Laura is at Nancy's house when she returns. Laura had tried to call Nancy, but when Alma saw her on the phone, she had twisted Laura's arm and hung up. Laura ran away after Stumpy and Alma locked her in her room twice, and she overheard them talk about getting her jewels. From there, Laura had barricaded herself in her room so she could slip out through her window.

Nancy, Hannah and Laura discuss calling the police but decide not to. After dinner, Nancy's father calls with an update. Detectives were tailing and watching some of the employees. Nancy's father concurs with their decision to not call the police.

The next morning, Nancy travels to Melrose Lake. She parks her car down the road from the Aborn house and sees a man, who looks like Laura's guardian, walking through the woods with something in his hand. She follows him, but he disappears. In the clearing there is a dilapidated shack.

Nancy stands on a box to look in a window, and Stumpy discovers her. He tells Nancy that Laura has run away; Nancy doesn't reveal what she knows. Next, she visits Jim and Cathy, but they aren't home. Nancy registers at the hotel and plans to look around later that night. Nancy lets Hannah know she is staying overnight and checks on Laura. She says that Stumpy has detectives looking for Laura and gets permission from Laura to enter the Aborn house without ringing the doorbell.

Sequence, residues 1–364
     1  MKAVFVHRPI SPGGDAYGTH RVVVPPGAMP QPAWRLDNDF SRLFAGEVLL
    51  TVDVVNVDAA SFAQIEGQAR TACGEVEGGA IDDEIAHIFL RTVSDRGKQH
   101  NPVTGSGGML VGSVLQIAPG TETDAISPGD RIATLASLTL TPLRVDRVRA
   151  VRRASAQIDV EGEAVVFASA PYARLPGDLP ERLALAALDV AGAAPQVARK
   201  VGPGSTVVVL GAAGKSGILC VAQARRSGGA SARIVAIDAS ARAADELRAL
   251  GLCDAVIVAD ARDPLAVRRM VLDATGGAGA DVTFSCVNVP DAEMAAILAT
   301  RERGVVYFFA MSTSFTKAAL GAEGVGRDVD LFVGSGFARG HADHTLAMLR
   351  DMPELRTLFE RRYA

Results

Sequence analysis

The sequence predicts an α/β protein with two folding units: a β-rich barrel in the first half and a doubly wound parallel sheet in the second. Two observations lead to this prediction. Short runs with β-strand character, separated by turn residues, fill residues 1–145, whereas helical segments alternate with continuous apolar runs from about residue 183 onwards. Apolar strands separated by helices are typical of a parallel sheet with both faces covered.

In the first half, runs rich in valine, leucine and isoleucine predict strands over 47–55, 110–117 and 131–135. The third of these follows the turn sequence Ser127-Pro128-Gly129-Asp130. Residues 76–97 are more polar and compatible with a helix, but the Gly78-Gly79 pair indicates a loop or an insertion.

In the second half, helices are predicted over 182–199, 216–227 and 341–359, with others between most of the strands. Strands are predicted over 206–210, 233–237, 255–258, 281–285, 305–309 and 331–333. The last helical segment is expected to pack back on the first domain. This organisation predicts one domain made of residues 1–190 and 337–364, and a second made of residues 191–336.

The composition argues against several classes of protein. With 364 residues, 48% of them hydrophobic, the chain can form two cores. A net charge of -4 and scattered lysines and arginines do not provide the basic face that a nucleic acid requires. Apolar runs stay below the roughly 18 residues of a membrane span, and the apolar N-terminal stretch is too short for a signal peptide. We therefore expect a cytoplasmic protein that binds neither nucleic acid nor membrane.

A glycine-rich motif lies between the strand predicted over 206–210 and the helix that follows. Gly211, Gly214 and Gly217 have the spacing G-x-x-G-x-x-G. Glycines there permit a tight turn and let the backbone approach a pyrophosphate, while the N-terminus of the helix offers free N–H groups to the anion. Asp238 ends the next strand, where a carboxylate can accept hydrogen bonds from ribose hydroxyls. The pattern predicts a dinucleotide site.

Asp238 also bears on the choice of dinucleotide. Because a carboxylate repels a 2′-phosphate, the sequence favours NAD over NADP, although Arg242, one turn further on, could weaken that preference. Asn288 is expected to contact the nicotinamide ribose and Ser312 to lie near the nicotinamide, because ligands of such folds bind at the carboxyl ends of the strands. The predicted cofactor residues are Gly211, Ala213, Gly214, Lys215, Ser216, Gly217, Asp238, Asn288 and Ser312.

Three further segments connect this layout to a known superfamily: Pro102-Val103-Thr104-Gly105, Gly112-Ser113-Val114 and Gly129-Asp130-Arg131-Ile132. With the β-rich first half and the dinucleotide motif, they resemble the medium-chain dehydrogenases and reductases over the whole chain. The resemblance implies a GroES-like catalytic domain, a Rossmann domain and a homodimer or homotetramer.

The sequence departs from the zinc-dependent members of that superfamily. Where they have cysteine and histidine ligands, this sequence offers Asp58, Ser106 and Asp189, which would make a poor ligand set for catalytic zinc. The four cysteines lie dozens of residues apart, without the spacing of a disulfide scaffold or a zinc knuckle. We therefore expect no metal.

At the Aborn house that evening, no one is present, and it is locked. Nancy sneaks through Laura's window, and hides in the closet when she hears Stumpy and Alma return. After Stumpy searches the room for the jewels, he takes two suitcases out of the closet but doesn't see Nancy hiding there.

When she gets the chance, Nancy goes downstairs and hides behind the sofa. Stumpy and Alma enter the room. He opens a wall safe, takes out money and securities and packs them in a suitcase before going to bed. Nancy decides to go back to the shack before talking to police. Once inside, she finds a trap door and Laura's real guardian, Jacob Aborn. His wife, Marian, is in Florida taking care of her mother. Jacob learns that Stumpy and Alma have been impersonating him and his wife. He knows they have swindled people.

While Nancy and Jacob talk, Stumpy sneaks up and knocks Nancy unconscious. Then he re-chains Jacob. Nancy regains consciousness and remembers a hand-positioning technique that will help her get out of ropes. She uses it as Stumpy ties her hands and feet. He ties the rope to a wall hook while he tells the two prisoners of his escape plan. He also knows Laura is at Nancy's, and he has sold Jacob's car to pay for his black sports car.